Science is a rather large segment of our society, and a thoroughly human endeavor. It's not apart from the rest of our social, economic, and political world even as it attempts to understand that world. With thousands of universities needing students, faculty, and resources, all of us seeking prominence and recognition, the rather 'bourgeois' aspects of this social phenomenon are not unexpected. How could it be otherwise than that we'll establish hierarchies, advocacy, tribal factions competing both for ideas and funds or, more nobly, to show the others how (as we believe) the world in our area of expertise really is?
There will inevitably be pyramids of privilege and uneven wealth distribution, and in our society competition will drive this based on the widespread belief that competition (while harsh) is good for something, if not for the human soul. In such an environment we can expect some outright cheating (pretty rare, fortunately), lots of sources of biased reporting and disingenuous 'null hypothesis' testing, dissembling, hyperbole and self-promotion. Bureaucrats want to keep their portfolios of research projects large and richly funded. University administrators want the overhead. Journals want the material, and since they are businesses, the splashier the better (e.g., see this analysis of what's wrong with science publishing and how to fix it). Ranking systems like 'impact factors' drive such bean-counting environments, naturally--how could it be otherwise?
Then there are the companies that make the instrumentation and other kinds of laboratory gear, including computers and software, that research depends on. These companies, only naturally, will do what it takes to persuade us that their latest models are vital to success. And what about the media? They demand splash for their survival. That's only natural, too. And politicians? They thrive on promises of health miracles, world dominance, scientific thrills, and various kinds of demagoguery by which fears are raised and their wisdom to fund research to relieve them are promised.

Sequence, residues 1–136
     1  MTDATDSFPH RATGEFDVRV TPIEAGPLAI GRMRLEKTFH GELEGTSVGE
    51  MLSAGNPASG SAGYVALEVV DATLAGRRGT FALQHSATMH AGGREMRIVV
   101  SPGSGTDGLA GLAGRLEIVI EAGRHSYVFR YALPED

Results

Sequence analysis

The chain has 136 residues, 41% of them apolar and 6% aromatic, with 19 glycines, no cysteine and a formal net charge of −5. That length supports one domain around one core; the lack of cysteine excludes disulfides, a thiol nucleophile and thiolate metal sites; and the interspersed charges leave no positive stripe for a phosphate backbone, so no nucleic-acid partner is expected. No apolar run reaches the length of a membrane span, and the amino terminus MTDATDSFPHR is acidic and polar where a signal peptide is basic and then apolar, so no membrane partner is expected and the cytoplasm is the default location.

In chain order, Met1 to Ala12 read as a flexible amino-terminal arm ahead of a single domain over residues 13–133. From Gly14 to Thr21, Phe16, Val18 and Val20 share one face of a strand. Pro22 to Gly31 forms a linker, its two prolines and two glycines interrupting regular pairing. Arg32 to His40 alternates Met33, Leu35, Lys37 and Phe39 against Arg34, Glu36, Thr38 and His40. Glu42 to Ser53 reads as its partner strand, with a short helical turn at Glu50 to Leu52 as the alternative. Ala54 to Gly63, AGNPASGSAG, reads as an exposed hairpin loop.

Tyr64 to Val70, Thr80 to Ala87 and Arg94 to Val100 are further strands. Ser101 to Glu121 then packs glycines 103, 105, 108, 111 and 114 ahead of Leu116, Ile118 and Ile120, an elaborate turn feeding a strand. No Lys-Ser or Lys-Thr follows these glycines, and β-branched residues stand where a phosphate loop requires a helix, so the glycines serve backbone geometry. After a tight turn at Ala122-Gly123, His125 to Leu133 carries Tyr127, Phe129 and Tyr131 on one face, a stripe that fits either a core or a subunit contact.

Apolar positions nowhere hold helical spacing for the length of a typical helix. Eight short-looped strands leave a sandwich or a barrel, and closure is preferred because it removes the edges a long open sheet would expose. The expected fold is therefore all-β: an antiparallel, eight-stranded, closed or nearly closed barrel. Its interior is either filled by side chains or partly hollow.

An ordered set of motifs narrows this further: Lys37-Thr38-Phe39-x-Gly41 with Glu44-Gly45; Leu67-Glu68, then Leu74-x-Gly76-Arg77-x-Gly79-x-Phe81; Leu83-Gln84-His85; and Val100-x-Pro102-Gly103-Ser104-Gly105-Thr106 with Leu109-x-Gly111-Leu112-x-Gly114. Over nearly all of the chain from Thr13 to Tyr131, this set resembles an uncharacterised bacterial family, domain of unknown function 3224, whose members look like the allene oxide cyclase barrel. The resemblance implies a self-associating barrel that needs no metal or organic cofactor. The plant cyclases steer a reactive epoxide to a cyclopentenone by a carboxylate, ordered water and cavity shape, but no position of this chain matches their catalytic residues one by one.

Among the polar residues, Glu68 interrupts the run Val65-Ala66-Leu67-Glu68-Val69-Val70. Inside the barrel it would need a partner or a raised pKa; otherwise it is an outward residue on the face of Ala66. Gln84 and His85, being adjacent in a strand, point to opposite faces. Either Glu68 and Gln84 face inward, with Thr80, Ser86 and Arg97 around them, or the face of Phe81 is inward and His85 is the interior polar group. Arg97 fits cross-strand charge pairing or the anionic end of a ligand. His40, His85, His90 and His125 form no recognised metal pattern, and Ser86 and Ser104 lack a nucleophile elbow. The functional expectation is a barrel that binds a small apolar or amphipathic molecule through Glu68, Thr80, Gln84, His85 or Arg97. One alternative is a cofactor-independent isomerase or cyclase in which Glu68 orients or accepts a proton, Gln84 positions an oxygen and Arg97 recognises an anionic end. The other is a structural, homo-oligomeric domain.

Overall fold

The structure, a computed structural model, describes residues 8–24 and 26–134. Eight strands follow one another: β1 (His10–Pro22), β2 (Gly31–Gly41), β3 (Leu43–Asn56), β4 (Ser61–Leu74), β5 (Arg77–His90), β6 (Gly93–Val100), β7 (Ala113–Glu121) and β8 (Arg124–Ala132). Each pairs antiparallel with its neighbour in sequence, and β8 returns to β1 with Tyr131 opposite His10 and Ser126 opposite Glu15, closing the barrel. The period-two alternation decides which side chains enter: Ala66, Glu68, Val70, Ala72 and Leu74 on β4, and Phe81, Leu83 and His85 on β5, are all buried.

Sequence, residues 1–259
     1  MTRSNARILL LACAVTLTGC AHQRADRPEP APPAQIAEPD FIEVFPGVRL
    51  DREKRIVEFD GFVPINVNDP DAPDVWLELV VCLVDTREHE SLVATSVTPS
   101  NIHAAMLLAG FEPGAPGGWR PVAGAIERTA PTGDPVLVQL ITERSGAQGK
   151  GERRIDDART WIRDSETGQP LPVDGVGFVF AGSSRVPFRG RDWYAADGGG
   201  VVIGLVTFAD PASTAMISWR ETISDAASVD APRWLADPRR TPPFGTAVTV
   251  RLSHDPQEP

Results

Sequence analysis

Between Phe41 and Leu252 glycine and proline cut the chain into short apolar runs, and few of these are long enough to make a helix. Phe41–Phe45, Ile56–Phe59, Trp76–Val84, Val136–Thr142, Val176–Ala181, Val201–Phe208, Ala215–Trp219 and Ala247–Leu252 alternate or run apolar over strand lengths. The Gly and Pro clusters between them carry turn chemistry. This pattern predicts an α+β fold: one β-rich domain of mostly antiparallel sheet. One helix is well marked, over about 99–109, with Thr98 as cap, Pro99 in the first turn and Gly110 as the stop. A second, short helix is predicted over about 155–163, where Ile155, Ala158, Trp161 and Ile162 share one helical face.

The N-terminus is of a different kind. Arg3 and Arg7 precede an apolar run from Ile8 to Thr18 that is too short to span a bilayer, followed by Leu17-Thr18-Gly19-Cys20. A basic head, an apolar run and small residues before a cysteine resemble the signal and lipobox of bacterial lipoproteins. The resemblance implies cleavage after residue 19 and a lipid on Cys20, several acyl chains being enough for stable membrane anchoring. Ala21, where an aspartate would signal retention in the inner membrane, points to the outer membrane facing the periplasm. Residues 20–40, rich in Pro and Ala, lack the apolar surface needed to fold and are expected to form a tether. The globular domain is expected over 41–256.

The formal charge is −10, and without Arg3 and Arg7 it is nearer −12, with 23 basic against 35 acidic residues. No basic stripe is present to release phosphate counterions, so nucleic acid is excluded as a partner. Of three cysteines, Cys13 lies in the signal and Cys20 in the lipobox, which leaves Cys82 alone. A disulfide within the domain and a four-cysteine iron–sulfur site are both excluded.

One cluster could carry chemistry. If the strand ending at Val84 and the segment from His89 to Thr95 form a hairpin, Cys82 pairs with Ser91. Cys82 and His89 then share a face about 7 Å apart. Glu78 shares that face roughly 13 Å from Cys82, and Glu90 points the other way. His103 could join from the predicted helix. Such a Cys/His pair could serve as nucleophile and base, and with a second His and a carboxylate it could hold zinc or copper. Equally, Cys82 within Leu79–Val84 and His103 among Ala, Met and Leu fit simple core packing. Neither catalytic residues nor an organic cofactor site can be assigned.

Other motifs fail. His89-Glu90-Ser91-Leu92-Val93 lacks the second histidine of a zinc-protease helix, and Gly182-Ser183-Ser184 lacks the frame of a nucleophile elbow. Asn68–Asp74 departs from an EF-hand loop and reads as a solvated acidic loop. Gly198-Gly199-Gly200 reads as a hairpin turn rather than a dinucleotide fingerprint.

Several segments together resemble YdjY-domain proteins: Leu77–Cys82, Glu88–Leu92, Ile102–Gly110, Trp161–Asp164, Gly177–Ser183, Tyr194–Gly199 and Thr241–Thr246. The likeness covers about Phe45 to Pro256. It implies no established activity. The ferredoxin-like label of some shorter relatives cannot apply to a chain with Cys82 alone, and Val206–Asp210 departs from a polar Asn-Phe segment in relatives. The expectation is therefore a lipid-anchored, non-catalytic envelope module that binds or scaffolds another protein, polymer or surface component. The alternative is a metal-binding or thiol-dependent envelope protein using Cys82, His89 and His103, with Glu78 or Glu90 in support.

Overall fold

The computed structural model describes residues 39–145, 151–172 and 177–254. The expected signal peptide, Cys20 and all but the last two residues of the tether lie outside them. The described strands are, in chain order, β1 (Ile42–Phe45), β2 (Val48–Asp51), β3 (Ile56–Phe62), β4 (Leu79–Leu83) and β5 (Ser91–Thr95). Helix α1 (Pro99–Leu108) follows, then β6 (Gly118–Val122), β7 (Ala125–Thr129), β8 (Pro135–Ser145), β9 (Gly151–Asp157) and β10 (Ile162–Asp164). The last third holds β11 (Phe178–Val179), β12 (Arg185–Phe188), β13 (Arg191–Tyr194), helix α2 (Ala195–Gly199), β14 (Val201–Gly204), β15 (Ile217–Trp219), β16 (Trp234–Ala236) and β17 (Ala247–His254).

So the hand-wringing and finger pointing about these problems are all only natural. So, should we stop doing it? We think the answer is absolutely not! First, there will always be faults in any human endeavor, and in our type of society for a large endeavor, faults will be built (over time, by us!) into the system. Some will corner markets better than others. Most work will be chaff, even if there will always be amazingly insightful, skilled work that positively contributes to knowledge. For every Beethoven or Wordsworth, Leonardo or Darwin, there will be a hive of drones who leave little mark on history.
Major changes rarely arise by brilliant new discoveries (the Darwins of the world), but most changes occur incrementally, the tanker-of-science gradually changing course as fads come and go, glittering labs gradually fading as a new fad (whether good or bad) takes over.
Genome sequencing and GWAS as an example
We got many MT 'hits' last week by daring to point out that a substantial number of people are saying and writing that the payoff of GWAS and whole genome sequencing in large numbers of humans is not great and people may be tiring of it and the long-term cost commitment required, which prevents other areas (and investigators) from being funded. There are large interests who are doing such work, and committed to it (for reasons that at least include their already vested interests, as well as various scientific rationales). They have large amounts of money, in many countries, and scientists know very well that a big project gains political investment that people will then be unwilling or unable to close down. There are many examples, but big biobanks will be another that are just aborning. They'll claim down the road that they are too big to fail, er, to have their funding cut.
Of course, the focus or obsession on genes and 'omics' (large-scale, exhaustive generally hypothesis-free and exploratory enumerations) may not fade. Predictions that it is playing itself out by overkill or hyper-hype, may be wrong--we'll see. Indeed, such commitments cannot fade very rapidly even if they deliver nothing at all (which isn't the case), if the hold on huge long-term funding is made. But whether it pays off or not, there are many who feel it has co-opted too much else relative to its payoff.
This is but one example of the issues being raised about how science, The Enterprise, is being conducted these days, not by wealthy back-yard tinkerers but by a large middle class housed in large institutions. Many worry about the faults, but of course they (and, sometimes, we) are on the cranky fringe that always exists. Cranks can have their own agendas, including jealousy, of course. But without at least some nudging from those who see the faults--and the faults in modern science are deep and wide--course corrections might be even harder to make, and lack of correction much costlier to the society that pays for it.